Study by URI pharmacy professors finds AIDS patients overestimate
their adherence to drug programs
KINGSTON, R.I.-- September 26, 1998 -- Patients who are HIV positive
overestimate their compliance with drug regimens, according to a new study
by a University of Rhode Island pharmacy professor.
While the overall medication adherence was good during the study, the
researchers involved with the project said patients and their doctors and
pharmacists should be aiming for 100 percent compliance.
The three-month study involved Drs. Cynthia Willey, the principal investigator,
Kathleen M. Melbourne, and Sandra Geletko, all URI professors of pharmacy.
Completed by the Medication Compliance Research Team of the URI President's
Health Promotion Partnership, the project entitled, "Stages of Change
for Adherence with HIV Related Medications," has recently received
The study, which also involved Coastal Medical, a primary care physicians'
group based in Providence, was presented today, Sept. 26 at the Interscience
Conference on Antimicrobial Agents and Chemotherapy in San Diego. Dr. Melbourne's
paper was selected by the conference for release to the national and international
Melbourne is also Pharmaceutical Care coordinator for Coastal Medical.
Melbourne said the findings are important because missed doses of medication
in the treatment of human immunodeficiency virus (HIV), the virus that can
lead to AIDS, can result in drug resistance, drug failure and a quicker
progression to AIDS.
"Unlike anti-hypertensive (high blood pressure) medications, with
which a person can miss one or two doses and still return to adequate blood
pressure when resuming the medication, drugs for HIV must be taken correctly
and consistently or they won't work anymore," said Dr. Melbourne.
In the study, Dr. Melbourne compared patients' own reporting records
with records taken from special medication bottle caps, which were placed
on patients' medications and were able to record electronically the time
and date of every bottle opening.
Dr. Melbourne said most protease inhibitors (strong anti-HIV) medications
need to be taken at high doses and taken within a certain time interval,
such as 8 to 12 hours, to maintain adequate blood levels of the medication
in the body. "If the patients fluctuate from dosing schedules, the
amount of medication in their bodies may not be enough to work effectively
against HIV," Dr. Melbourne said. She said the findings may partially
explain the large variability in response to medication taken by HIV-infected
Dr. Melbourne began the study with the premise that measuring how many
doses people miss over time is difficult. So she and investigators chose
to compare patients' self-reporting with data from the electronic cap to
see if the results would be similar.
Dr. Melbourne used technology called the Medication Event Monitoring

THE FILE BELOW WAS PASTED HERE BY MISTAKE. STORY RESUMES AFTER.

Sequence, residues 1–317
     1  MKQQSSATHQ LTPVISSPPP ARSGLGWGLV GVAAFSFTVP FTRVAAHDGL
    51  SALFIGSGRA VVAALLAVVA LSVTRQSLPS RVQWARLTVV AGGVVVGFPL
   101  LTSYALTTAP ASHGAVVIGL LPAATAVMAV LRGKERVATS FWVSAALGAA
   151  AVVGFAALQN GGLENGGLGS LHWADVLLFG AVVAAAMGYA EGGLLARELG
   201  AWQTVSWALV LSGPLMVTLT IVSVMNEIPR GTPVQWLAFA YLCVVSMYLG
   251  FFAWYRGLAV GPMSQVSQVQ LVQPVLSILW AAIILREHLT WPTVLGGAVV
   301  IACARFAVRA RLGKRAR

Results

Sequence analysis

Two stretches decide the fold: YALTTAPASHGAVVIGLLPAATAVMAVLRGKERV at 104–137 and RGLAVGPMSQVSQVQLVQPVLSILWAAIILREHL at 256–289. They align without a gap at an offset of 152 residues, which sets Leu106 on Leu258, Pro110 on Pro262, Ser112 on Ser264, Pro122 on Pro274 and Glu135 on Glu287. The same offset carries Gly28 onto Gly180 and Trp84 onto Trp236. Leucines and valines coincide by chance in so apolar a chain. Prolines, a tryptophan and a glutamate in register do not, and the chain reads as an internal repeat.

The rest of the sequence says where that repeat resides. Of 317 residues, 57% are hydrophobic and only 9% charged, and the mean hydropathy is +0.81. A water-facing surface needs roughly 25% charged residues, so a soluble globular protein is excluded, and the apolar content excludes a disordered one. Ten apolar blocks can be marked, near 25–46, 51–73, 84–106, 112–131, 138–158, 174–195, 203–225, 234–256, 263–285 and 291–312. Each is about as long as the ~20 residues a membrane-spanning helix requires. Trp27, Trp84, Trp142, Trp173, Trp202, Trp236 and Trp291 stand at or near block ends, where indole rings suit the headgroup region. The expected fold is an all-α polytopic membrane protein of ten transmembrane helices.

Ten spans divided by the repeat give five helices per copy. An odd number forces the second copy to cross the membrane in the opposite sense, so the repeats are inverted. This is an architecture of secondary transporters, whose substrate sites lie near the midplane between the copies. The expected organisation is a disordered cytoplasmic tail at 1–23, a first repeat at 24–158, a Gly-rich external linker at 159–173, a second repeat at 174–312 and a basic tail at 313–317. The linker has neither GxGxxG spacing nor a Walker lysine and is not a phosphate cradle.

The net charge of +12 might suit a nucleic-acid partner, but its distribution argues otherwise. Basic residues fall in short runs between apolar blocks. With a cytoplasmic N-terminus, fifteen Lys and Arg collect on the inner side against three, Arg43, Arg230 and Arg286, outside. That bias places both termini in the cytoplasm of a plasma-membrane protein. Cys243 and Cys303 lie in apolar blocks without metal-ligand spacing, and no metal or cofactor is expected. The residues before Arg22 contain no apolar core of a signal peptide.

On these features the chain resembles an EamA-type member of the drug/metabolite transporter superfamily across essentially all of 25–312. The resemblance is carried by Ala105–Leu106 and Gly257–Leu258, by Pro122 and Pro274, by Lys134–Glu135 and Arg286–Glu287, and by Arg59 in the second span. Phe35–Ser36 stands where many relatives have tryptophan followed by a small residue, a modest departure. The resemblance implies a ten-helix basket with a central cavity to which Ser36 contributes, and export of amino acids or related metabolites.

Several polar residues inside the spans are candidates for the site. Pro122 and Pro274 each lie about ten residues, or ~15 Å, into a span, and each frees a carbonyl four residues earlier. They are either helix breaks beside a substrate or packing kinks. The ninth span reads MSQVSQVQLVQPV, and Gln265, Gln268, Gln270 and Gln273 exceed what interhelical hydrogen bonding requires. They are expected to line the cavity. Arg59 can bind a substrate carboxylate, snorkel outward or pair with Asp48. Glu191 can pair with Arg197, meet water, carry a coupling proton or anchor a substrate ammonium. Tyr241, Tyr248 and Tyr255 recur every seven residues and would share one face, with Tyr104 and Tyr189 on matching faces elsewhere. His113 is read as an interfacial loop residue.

Systems (MEMS) track cap. For each month the caps were on each of the patients'
medication bottles, the investigators were able to measure how many times
the bottle was opened (which was counted as the number of doses taken) and
the amount of time that elapsed between doses. The patients were aware of
the high-tech caps.
Self-reporting was recorded by asking patients at each monthly study
visit to report honestly how many doses they missed in the previous month
and the variation in dosing times.
The study enrolled 50 HIV positive men and women over the age of 18 who
were on triple antiretroviral therapy (including protease inhibitors). Forty-four
Coastal patients completed the study. The average age of the group was
38 and most, 94 percent, were men. Her study population averaged nine different
medications per day, which translated into up to 30 pills a day.
Dr. Melbourne said in general, patients' adherence was very good, but
missed doses were still documented in 98 percent of the study group and
many patients did not stick to their dosing times. Only one patient out
of the total took 100 percent of the doses during the three-month period.
The average dose percent (number of doses taken divided by number of
doses prescribed) was 97.5 percent by the self-report method and 90.3 percent
by electronic method. With HIV, clinicians need to help patients attain
100 percent compliance, according to the three URI professors.
Forty-three percent of patients taking protease inhibitors were two or
more hours off their stated dosing schedule. "The reasons self-report
is higher is because patients don't want to be looked upon as bad patients
to their doctors," Dr. Melbourne said. "People don't want to admit
they miss doses of medication."
She said the study group tended to be well educated and employed. "With
a more diverse group you might find much lower compliance rates," she
"Health care providers need to stress the health implications of
taking all the doses in a timely manner," she said.
Also working on the team were: Dr. Susan Brown, a pharmacy resident at
URI and Coastal Medical; Sarah Chase, research assistant from URI and Dr.
Alvan Fisher, physician at Coastal Medical and associate director at the
Brown University AIDS program.
For Further Information: Dave Lavallee 401-874-2116